Friday, May 16, 2008

Monarchs

On April 25th, we were walking around behind our building at Southeastway Park and noticed a lone Monarch Butterfly flying low near the dirt in our garden area. Soon we discovered what she was up to. She was ovipositing, laying eggs, on some of the small Common Milkweed plants that were just emerging from the soil.
Above is a shot of the monarch with her abdomen curled forward. Next to her is a small stub of a just emerging milkweed. She can "taste" the milkweed with their feet and can tell when she is on the correct plant.



A few weeks later, on May 12th I took this shot of the caterpillars. Tiny little guys just munching away. Monarch caterpillars and butterflies use milkweeds as host plants to insure their survival.

The milkweed has chemicals called cardiac glycosides. When the caterpillar ingests the leaves, the glycosides make it toxic to other animals. If a bird eats a monarch caterpillar or butterfly, it will not eat another, for it will become very ill. The warning colors or yellow and black on the caterpillar and orange and black on the butterfly alert birds of their possible bad taste and toxicity, so they usually will avoid them.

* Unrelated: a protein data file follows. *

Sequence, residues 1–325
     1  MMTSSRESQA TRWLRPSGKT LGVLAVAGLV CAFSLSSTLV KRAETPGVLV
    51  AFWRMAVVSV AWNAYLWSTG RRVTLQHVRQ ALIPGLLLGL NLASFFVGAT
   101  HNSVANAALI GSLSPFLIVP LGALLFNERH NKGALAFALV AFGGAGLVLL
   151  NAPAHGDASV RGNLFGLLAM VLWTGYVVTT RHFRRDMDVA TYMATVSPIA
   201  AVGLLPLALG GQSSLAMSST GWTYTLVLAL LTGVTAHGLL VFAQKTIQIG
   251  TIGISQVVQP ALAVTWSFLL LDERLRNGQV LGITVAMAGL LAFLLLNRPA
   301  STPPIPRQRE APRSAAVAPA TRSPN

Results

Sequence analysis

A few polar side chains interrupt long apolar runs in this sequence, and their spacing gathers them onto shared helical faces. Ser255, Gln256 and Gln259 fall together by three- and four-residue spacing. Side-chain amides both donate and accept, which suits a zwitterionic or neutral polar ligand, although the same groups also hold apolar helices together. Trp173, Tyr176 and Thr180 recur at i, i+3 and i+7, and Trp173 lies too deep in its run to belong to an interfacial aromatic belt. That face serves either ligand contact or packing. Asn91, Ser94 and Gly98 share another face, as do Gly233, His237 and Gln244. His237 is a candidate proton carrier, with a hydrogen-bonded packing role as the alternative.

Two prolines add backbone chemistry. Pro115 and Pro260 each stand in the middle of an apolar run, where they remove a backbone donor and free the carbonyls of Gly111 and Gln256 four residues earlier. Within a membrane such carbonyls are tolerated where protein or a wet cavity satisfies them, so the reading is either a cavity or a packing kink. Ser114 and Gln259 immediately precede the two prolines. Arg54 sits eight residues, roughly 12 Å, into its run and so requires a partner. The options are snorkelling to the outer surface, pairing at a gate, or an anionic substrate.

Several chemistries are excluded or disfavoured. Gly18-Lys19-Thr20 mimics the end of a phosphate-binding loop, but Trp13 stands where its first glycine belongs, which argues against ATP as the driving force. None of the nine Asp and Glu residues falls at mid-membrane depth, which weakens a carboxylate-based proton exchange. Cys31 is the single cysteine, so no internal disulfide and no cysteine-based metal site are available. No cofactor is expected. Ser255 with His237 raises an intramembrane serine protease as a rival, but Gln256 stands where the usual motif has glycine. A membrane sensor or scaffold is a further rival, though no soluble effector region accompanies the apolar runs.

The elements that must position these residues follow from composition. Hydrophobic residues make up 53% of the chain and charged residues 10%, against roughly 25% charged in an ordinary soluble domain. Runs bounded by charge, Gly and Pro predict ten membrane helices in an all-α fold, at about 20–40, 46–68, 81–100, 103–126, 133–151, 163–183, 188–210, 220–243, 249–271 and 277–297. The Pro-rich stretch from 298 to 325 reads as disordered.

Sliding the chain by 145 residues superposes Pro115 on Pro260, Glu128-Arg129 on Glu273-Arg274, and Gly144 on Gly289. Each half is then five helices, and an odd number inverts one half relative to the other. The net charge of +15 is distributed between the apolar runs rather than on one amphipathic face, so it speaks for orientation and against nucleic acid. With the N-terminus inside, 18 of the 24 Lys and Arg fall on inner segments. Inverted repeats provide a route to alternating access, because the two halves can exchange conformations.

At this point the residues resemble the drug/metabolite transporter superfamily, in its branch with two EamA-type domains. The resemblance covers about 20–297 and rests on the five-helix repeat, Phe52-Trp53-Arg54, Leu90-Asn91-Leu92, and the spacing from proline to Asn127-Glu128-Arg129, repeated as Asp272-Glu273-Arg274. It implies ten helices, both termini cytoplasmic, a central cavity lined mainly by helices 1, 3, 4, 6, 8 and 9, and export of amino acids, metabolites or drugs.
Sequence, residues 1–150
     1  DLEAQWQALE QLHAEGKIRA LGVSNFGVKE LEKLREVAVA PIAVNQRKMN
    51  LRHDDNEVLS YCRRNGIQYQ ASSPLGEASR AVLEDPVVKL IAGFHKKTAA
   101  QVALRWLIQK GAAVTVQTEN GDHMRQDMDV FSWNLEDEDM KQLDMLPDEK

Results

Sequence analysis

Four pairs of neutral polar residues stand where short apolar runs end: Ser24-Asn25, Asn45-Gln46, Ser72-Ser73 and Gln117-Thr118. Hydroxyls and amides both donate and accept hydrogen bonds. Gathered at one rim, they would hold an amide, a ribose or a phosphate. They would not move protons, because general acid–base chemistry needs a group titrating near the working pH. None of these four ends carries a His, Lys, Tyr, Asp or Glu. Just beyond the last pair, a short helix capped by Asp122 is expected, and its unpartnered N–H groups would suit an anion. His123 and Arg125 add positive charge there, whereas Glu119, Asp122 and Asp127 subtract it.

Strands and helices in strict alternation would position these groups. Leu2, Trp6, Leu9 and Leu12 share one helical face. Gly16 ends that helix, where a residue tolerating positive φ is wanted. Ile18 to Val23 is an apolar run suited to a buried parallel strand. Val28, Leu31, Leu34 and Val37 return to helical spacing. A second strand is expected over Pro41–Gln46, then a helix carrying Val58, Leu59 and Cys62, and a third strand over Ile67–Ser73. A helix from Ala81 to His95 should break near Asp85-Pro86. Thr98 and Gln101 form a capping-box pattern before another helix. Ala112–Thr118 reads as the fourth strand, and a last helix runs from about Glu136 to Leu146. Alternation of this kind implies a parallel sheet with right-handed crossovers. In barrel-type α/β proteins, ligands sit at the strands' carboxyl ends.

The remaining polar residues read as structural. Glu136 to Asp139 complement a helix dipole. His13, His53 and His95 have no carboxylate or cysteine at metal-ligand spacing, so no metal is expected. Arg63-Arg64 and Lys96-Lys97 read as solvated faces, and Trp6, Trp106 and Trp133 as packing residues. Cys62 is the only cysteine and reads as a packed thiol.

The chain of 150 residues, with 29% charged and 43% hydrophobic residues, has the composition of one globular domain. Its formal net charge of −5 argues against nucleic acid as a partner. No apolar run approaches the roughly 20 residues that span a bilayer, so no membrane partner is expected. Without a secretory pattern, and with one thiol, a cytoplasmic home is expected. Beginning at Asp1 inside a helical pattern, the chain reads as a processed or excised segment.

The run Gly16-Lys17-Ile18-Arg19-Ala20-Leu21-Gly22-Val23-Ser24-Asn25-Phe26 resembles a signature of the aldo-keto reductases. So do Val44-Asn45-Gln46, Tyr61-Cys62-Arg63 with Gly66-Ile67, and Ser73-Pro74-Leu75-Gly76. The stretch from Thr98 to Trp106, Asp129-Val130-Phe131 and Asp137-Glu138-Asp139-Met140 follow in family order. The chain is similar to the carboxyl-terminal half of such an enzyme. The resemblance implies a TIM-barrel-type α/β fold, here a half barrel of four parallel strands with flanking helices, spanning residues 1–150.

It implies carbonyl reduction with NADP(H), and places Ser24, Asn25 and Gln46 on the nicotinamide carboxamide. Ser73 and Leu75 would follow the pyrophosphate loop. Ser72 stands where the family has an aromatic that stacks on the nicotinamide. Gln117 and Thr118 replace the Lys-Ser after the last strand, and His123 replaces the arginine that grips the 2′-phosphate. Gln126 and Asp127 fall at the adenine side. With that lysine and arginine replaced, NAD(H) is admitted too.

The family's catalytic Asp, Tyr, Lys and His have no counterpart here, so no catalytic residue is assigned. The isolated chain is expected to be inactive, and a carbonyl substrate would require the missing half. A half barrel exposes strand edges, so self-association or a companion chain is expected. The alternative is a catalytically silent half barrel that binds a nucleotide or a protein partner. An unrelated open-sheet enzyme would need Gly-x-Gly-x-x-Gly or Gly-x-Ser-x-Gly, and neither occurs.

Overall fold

Just a few days later on May 16th, they have obviously grown quite a bit. I will post again next week to show how these little ones are doing. We are very excited about our new family!
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1 comment:

hiramtom said...

Janet- Cool, I didn't realize that the monarchs were out yet. Very nice day at Shawnee today, wasn't it? I always love that place, I need to get there more often. I'll post some shots tomorrow...didn't get the greatest pictures but some were OK!

Tom